From the ABC 7 Weather team

July in Washington: Any reprieve from severe weather?

July 5, 2013 - 05:00 AM
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Now that June is in the books and meteorological summer is one-third of the way through, how do the prospects for severe weather look in a typical July weather pattern in the District?

The severe weather season in the Washington area has been unrelenting! Four tornadoes touched down in Maryland on June 10 and then three days later two more were confirmed. Reagan National had 2.77 inches of rain also on June 10th, which surpassed the former 24-hour rainfall record of 2.27 inches. There were NO daily record high temperatures set at either airport (Dulles or Reagan National).

Now that we are transitioning into the second month of meteorological summer, how do our odds stack up for severe weather? July leads the year with the most occurrences of high winds from thunderstorms, with an average of 92 reports across the region. Hail is less frequent in July with an average of 19 reports, compared to May, which leads the year with an average of 25.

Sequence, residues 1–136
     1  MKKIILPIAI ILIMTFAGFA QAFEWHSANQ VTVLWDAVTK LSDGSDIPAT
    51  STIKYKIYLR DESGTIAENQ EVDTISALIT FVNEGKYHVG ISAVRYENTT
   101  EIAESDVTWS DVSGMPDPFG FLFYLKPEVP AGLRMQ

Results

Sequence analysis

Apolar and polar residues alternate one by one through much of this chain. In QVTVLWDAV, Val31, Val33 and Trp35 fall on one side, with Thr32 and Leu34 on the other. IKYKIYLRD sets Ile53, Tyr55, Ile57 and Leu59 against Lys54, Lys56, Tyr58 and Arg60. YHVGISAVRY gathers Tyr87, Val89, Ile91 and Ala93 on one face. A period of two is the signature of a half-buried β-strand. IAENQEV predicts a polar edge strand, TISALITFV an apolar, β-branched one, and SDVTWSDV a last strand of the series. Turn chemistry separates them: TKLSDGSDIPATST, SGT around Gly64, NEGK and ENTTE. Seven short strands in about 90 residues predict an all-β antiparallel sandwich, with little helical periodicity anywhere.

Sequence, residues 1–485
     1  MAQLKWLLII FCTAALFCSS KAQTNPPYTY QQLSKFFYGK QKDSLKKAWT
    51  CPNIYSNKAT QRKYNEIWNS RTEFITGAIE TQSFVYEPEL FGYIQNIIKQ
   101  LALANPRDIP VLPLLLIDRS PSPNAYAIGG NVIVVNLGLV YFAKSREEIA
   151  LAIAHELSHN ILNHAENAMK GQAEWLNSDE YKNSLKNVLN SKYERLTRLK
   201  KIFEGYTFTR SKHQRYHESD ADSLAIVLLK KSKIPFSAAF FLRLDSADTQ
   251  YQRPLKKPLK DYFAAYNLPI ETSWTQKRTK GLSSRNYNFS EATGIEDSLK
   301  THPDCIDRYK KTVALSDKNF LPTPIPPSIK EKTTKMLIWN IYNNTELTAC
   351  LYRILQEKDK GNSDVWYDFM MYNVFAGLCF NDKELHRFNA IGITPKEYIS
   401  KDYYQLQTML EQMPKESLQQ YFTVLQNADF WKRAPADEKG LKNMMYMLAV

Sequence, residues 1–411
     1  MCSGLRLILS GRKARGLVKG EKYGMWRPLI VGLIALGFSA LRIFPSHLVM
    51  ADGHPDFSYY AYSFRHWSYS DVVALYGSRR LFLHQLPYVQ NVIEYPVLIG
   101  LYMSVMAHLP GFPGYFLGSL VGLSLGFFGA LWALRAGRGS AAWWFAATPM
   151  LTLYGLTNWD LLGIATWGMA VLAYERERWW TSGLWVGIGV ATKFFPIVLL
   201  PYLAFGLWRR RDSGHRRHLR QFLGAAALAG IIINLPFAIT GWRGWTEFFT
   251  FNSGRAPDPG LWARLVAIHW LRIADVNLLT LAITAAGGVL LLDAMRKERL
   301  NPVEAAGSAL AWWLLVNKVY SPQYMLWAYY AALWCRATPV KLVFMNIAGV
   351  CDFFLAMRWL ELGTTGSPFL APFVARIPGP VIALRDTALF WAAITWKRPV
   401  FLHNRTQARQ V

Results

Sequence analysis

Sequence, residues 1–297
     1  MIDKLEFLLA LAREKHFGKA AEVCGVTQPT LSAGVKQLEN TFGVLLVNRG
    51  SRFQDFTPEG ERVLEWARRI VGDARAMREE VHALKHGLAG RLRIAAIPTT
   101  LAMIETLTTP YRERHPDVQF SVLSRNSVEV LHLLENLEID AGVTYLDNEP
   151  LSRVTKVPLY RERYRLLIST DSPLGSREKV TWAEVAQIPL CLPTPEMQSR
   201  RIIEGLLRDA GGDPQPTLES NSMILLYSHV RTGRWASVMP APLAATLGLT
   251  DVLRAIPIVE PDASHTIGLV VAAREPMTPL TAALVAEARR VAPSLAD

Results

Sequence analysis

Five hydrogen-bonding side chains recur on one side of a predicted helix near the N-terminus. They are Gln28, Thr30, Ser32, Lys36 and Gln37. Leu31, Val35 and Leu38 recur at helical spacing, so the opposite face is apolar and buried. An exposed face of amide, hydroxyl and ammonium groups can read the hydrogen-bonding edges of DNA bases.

Not such a good statistic here…. July averages the most tornadoes in the region, with 6. May, June and September tie for second place with an average of 4 tornadoes for each month.


Breaking down the severe weather coverage by hour, the least likely time for severe weather is 5 a.m.; 6 p.m. is the prime time for severe storms. Looking at the chart below, hail is most likely to occur between 4 p.m. and 5 p.m., damaging winds between 5 p.m. and 6 p.m. (21-22 UTC) and tornadoes in the 4 p.m. and 6 p.m. hours.


A trend seen in the last 30 years is for more frequent severe weather to occur, with a spike from 2002-2003.


July is also the hottest month when the average high peaks at 89 degrees from July 7 to July 22. The hottest temperature ever recorded in the nation’s capital also occurred in July on the 20th when the mercury climbed to 106 degrees. This was during the Dust Bowl era…in 1930.

Keep these statistics in mind when planning outdoor activities far in advance when the weather is the least predictable. These figures can help you make alternate plans just in case.

Have a safe 4th of July holiday and well wishes for a great second month of summer! (All data is courtesy of the National Weather Service in Sterling, Va.)

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